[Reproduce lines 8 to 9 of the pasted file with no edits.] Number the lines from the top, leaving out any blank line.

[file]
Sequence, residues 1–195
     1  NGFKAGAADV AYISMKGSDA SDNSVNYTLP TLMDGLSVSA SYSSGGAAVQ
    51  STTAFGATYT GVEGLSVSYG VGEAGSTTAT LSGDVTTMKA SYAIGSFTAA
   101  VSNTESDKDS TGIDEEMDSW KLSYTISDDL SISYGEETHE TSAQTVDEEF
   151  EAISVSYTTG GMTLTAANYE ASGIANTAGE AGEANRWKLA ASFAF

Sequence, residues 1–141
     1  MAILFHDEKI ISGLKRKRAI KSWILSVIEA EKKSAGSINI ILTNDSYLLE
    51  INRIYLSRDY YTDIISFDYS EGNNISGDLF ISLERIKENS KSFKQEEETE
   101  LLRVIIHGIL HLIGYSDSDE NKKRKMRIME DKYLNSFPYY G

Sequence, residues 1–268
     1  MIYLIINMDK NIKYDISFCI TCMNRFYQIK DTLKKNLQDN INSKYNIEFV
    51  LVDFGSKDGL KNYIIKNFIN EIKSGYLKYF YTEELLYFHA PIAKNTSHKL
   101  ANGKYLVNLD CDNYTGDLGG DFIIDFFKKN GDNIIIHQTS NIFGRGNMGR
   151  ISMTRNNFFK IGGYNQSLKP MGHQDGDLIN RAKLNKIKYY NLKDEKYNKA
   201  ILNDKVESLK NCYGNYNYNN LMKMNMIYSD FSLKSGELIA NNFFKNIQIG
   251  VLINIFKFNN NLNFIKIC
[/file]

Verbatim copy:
    51  INRIYLSRDY YTDIISFDYS EGNNISGDLF ISLERIKENS KSFKQEEETE
   101  LLRVIIHGIL HLIGYSDSDE NKKRKMRIME DKYLNSFPYY G